Buying a rented apartment

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I'm looking at buying an apartment in Berlin, but finding an unvermietet one in my price range is difficult.

 

I've heard if you're moving in, then you're allowed to force the renters out. (I'm not sure I like the idea of that, but this is just to know where I stand...).

 

Has anyone done this? Is that true?

 

If it is... what's the process / timeframe? Someone also vaguely mentioned that maybe you ad to pay them to move out?

 

Any ideas? Everything I've heard has been hearsay, and my googling isn't turning up anything useful.

 

Thanks

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Basically you evict the tenants because you (or a family member) want to move in yourself. Its the only easy way to evict a tenant. Make sure the tenants are not 90 year old pensioners.

 

The process can take up to 1 year.

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It may even take longer than one year. A family in our building had owned the apartment for close to four years, before they moved in. They had to help find the former tenants a new apartment ( one which they liked and could afford) and they had to convince a

judge that 35 km one way were too much to commute daily.If you need to move in quickly, forget about a rented apartment.

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If you need to move in quickly, forget about a rented apartment.

 

and forget about cheap, they probably also paid for them to move, the maklercosts, the court fee and probably other costs.

 

There is a reason why it's in your price range, you will end up paying the difference one way or the other.

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I might be stepping out of line here, but buying with the intention of kicking out sitting tenants also just doesn't seem like a very nice thing to do. On a basic, decent-human-being level. I appreciate that you want somewhere to live within your budget, but I know I wouldn't sleep well at night if I'd found my house at some innocent party's expense. I think it's reassuring that the law makes this difficult. It is someone's home, after all, even though they 'only rent'...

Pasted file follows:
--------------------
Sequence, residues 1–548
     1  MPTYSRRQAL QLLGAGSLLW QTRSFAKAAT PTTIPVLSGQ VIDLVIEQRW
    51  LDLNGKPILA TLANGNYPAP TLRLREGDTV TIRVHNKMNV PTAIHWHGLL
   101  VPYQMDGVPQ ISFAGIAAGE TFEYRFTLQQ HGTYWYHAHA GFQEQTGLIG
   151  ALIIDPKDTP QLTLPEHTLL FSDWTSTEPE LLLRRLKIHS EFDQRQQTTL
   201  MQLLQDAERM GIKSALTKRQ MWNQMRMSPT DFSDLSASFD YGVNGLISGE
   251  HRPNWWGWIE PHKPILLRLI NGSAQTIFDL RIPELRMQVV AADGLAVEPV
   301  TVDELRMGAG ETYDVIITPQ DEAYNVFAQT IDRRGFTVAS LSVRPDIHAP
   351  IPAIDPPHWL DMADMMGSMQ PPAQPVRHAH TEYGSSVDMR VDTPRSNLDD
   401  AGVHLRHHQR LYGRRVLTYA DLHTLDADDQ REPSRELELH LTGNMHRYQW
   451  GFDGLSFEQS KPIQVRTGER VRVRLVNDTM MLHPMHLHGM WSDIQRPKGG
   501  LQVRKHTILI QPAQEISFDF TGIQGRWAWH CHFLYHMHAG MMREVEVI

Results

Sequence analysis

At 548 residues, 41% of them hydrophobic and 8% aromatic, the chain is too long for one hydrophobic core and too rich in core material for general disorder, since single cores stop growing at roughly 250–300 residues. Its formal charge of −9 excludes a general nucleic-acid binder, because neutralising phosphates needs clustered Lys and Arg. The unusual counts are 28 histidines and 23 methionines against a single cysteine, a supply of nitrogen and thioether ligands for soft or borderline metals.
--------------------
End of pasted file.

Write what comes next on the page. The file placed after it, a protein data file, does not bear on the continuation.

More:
But maybe I'm just soft! :)

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I have a friend whose mother lives in the same flat.. I think she lived there in the past 16-17 years.

The Kündigungsfrist for her is 1 year (12 months). Can´t even imagine how long it is when u´ve lived there for 40 years...

 

I´d ask a lawyer if u can use the Eigenbedarf reason in this case and if yes, then how much notice u have to give.

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Actually Doctor Quinn, I think it boils down to morals and values. 40 years, sounds like someone has been set in their ways.

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well the OP already said would love to buy the flat, so I guess we´re over morales & values at this point... and more of it, if it is legal, then I don´t see the problem. it is the ``legal`` part of the forum, all in all.

I would ask a lawyer if there can be something done in this case. the safer option would be to buy a flat which isn´t rented, of course.

 

@Jim: I wouldn´t wanna hear moral or compassionate stuff from my lawyer, and wouldn´t even expect it. the question is what can be legally done, if possible, in this situation.

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I am considering buying an apartment in Munich, but at the moment the apartment is being let to a long term renter. My question is, in the future (maybe 2, 5 or 10 years) I will want it for my own personal use, how easy is it to remove a tenant, what rights do tenants have.

 

Many thanks

 

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Yes, tenants have rights in Germany.

 

The notice is always 3 months for the tenant but for the landlord it is 3 months for a tenant who has been there less than 5 years, 6 months if he has been there for 5-8 years and 9 months if he has lived there for 8 years or longer. However, older rental contracts may have longer notice periods than that. You'd have to see the contract.

 

Aside from that, you can not just give notice to a tenant without good reason. One allowed reason is that you need the apartment for yourself or a member of your family. However, if you buy a property that is already rented out, you must wait at least 3 years before you may give notice based on that reason. In some states/cities, it may even be longer than 3 years so before you buy a property that is rented out with the idea that you will give notice to the tenant and live there yourself, you should definitely get a copy of the rental contract and see a lawyer.

 

You can of course offer the tenant that you will pay them (moving costs + €€€) if they are willing to move sooner. They know they will have to move sooner or later so they might just take you up on it if the price is right.

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Really interesting topic. It is a little old, but I´ve got the main idea if you want to buy it in order to live in it must be empty and not rented. In case it is already rented better forget it...sad but true

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